“Farm-level unit production costs in the Guinea Savannah zones of Mozambique, Nigeria, and Zambia generally are comparable to or lower than those in the Brazilian Cerrado…even though yields per hectare realized in the African countries are significantly lower.”
Awakening Africa’s Sleeping Giant, The World Bank, 2009
Debates about feeding the world often come back to a simple claim that also underpins supply-demand projections: “They’re not making any more farm land.”
“The U.S., Canada, Australia, the European Union, Argentina, even Russia and China are fairly tapped out when it comes to arable land,” says Jay O’Neil, senior agricultural economist at Kansas State’s International Grains Program.
That’s borne out by the 2014 USDA Long-term Projections, which show those producer nations expanding harvested corn areas by less than 14 million acres over the next decade.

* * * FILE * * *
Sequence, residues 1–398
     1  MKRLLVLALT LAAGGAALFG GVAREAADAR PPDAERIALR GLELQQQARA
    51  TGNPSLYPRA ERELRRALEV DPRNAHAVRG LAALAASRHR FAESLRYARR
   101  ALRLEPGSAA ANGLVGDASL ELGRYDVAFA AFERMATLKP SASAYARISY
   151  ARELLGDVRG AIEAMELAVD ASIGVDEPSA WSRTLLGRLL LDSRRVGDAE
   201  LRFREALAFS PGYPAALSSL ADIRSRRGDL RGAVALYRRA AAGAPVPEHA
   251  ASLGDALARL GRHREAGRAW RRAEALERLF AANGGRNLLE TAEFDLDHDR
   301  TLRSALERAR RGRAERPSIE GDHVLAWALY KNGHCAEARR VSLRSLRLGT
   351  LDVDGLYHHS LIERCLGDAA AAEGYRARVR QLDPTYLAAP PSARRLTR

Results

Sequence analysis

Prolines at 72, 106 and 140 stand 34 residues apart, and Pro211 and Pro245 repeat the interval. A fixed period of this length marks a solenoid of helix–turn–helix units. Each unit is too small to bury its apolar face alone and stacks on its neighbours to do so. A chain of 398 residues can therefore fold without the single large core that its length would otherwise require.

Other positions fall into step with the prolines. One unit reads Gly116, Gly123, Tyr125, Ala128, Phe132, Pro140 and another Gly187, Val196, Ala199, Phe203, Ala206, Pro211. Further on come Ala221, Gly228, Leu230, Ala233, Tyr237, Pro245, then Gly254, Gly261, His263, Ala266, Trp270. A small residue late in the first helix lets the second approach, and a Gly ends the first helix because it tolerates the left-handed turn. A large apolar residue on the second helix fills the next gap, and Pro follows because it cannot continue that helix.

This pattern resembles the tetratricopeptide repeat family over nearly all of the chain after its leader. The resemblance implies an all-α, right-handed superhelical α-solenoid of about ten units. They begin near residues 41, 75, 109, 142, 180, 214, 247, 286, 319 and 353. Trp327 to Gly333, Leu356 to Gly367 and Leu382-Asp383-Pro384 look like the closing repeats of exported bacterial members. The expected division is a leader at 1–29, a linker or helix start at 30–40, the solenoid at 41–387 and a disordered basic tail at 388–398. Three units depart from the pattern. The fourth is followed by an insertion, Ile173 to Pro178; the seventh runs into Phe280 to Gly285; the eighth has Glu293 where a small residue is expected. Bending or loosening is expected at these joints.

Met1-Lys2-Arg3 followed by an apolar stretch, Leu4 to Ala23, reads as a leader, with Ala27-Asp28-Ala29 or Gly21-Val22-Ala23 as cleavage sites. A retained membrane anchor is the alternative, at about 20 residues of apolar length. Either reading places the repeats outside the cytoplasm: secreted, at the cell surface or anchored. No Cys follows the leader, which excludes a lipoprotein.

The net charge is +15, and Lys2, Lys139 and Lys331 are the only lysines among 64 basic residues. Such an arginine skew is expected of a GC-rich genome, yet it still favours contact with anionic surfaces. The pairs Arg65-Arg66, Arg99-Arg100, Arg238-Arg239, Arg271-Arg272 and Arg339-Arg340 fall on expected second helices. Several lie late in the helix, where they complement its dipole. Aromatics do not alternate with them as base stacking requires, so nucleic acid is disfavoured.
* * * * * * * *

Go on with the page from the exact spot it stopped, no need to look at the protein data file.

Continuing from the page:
“The only major producer today with enough potential land mass for a major expansion is Brazil,” he continues, suggesting that most new production will come from yield increases.
However, some analysts argue that currently untapped potential acres could change this supply-demand equation.
In the former Soviet Union, 74 million acres that were farmed in the late 1970s sat idle in 2012, roughly equivalent to total U.S. soybean acres, Ray Wyse, senior director of trading for Gavilon, told a Federal Reserve agricultural summit last year.
Brazil has 470 million in untapped potential acres, and the Democratic Republic of Congo, with a climate and water resources similar to Brazil’s, offers an additional 200 million acres and can produce three crops a year.